Bexhill Pavilion

Everyone familiar with the 'Poirot ' series on TV will be aware of the design style associated with the 1920's and the 1930's ~ Bexhill's DE LA WARR PAVILION is seen as a great example of modernist architecture from this period.  At a time when architects were beginning to use new materials and consequently change the look that buildings could potentially have, Bexhill's Pavilion used steel, concrete and glass to create an exterior of large, smooth almost 'featureless areas' broken by curved glass and steel sections and large expanses of flat glass.

The De La Warr Pavilion, was opened in 1935, following a competition instigated by the Mayor of Bexhill at that time; (1932-1934), the 9th Earl De La Warr.  It was intended to be a Palace for the People set alongside the sea and at a time when many were travelling abroad to savour the scenery and climate of the Mediterranean coast, the Southern resorts of England were beginning to have to fight for the 'tourist trade'.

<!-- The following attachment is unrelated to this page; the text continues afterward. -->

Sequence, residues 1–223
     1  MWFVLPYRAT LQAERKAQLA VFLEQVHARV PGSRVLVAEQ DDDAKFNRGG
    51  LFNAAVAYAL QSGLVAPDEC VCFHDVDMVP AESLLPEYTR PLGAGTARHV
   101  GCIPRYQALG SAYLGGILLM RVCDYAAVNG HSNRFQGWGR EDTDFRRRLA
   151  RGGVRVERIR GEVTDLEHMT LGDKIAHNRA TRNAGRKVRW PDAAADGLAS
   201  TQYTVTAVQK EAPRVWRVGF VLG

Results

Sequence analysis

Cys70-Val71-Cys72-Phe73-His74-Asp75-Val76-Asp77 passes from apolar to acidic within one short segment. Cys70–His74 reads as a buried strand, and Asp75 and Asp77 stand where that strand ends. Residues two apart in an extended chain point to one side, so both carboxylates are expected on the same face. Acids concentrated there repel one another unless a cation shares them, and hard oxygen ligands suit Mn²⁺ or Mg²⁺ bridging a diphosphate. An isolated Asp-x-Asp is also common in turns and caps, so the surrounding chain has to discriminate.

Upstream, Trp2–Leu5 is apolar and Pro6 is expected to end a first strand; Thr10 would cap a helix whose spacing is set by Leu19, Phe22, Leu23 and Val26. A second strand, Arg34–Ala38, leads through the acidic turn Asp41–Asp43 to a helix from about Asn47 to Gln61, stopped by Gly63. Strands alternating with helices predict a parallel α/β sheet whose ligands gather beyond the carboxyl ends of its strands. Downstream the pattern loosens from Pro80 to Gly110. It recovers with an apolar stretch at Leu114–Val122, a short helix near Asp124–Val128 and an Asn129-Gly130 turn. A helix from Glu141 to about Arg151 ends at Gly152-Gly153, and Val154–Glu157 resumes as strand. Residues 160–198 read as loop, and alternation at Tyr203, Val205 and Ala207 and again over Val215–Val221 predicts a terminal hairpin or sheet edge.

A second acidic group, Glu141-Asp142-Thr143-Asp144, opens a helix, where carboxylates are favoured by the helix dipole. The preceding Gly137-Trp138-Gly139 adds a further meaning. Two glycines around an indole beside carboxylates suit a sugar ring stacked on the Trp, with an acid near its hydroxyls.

In 1882, the 7th Earl De La Warr had been instrumental in building the seawall at Bexhill to protect the low lying marsh to the east of the town - and so began the rise of the town as a potential tourist resort.  The sea-walk that accompanied that project set the scene for the town to enter the round of development some decades later following the group of resorts that were building piers and esplanades ~ towns on the South coast such as Eastbourne, Brighton, Bournemouth and Portsmouth.  In 1934 the 9th Earl's rules for the competition stated that the design must contain a concert hall, a restaurant and conference rooms,